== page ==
Mohamed Salah and Sadio Mane supplied the goals that saw the club finally record a home victory – albeit in name only, with the match taking place in Budapest rather than at Anfield due to Covid-enforced travel restrictions.
The change in scenery and competition was wondrous for Jurgen Klopp’s men, who have a platform to salvage their season on the continent, with their form in the top-flight sitting them eighth in the standings.
It was peculiar watching Liverpool be so many shades of the side we remember: gegenpressing, countering with credence and even looking dangerous from dead-ball situations. While England’s top flight has witnessed them falter in the most flabbergasting of ways, Europe has been a stage of freedom and familiarity.
Of course, having a two-goal cushion allowed the ‘hosts’ a sense of security and comfort. Leipzig’s need to chase the game, therefore offering space and ample opportunities on the break, was also helpful.
Liverpool clearly have specific tactical issues to solve in the Premier League, but shifting Fabinho back into midfield – which occurred for the first time since October – can be part of that puzzle. He provided greater protection for the raw centre-back partnership of Ozan Kabak and Nathaniel Phillips, while affording Thiago the chance to be more offensive.
There was still a common denominator between Liverpool in England and Liverpool in Europe: their inability to convert clear-cut chances. It was staggering how many openings were wasted, mostly on account of rushing through the decision-making process. Where the forwards would have been calm and instinctive when confident, they were over-thinking and snatching at chances.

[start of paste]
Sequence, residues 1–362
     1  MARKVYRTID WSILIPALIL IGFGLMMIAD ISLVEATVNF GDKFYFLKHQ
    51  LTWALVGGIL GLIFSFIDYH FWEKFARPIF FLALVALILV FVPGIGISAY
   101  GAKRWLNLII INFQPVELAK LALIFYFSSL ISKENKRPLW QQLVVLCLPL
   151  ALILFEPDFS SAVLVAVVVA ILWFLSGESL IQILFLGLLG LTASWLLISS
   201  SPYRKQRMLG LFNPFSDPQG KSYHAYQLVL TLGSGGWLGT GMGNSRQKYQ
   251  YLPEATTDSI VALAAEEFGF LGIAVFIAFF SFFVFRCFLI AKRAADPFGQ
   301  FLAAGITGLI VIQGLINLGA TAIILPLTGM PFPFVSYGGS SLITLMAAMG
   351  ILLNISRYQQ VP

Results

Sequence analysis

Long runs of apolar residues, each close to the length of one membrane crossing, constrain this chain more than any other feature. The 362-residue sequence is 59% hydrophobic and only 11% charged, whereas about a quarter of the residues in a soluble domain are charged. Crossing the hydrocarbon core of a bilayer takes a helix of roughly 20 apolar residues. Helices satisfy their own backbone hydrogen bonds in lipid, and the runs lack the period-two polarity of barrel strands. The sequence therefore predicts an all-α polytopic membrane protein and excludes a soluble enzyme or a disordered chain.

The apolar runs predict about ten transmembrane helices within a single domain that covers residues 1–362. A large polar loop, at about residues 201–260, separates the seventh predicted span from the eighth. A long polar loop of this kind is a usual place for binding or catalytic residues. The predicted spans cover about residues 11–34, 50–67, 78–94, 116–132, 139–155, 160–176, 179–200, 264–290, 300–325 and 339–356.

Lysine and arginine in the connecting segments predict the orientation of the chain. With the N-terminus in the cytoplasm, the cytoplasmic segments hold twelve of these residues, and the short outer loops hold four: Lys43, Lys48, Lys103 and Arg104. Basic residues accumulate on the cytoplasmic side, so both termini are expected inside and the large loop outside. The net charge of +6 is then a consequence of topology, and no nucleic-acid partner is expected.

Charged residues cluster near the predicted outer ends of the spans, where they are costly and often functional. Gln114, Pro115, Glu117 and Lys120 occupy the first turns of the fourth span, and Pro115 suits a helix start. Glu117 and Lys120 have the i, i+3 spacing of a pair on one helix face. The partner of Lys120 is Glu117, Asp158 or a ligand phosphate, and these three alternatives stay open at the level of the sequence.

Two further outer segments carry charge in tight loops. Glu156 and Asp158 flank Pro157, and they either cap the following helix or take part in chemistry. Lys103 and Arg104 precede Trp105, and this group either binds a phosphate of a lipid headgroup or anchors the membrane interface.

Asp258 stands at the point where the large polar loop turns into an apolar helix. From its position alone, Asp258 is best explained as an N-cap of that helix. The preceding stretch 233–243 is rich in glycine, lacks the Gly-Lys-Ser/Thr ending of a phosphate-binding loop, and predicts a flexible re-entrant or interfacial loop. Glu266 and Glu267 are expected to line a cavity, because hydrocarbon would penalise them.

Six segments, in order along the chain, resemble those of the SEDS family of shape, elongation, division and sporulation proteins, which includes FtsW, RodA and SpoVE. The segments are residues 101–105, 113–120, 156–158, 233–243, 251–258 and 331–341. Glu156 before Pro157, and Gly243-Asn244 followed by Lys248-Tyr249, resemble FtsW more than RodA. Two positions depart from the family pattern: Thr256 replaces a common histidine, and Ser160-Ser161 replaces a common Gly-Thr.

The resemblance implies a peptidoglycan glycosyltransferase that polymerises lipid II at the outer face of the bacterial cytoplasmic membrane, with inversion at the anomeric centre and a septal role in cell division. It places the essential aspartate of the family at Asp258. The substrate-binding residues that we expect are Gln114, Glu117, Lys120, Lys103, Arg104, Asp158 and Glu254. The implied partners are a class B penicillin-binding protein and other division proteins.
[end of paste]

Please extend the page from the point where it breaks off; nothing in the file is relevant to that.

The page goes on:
Alisson thwarted Dani Olmo early on, before an avalanche of Liverpool attacks. Peter Gulacsi smothered a Diogo Jota header with a fine reaction save and the Portugal international saw his toe-poke later denied by the goalkeeper too, also finding the side-netting before half-time.
In-between those efforts, Thiago sent Salah clear with a karate-kicked pass and the Egyptian looked certain to score, but aimed his strike straight at Gulacsi. The ball broke to Mane, who rushed in and headed the ball into the ground.
If it was shocking that Liverpool hadn’t gone ahead on the night in that moment, that sentiment only grew with a flurry of further attempts from Trent Alexander-Arnold, Salah and Mane.
Eventually, the breakthrough arrived on the 70-minute mark with their attacking trio combining to devastating effect and Salah firing a low left-footed drive into the bottom right-hand corner from Jota’s pass.
They had waited so long for that sense of relief, and just four minutes later, Mane had gotten another.
Substitutes Divock Origi and Naby Keita worked well in the build-up with the former crossing into the danger area for the Senegal forward to stab in.
Liverpool were never in any discomfort on the night or in the tie in general. They, quite significantly, looked like themselves.
Teleporting this kind of credence and control into the league will be the main objective, but there will be big European dreams colouring their immediate thoughts.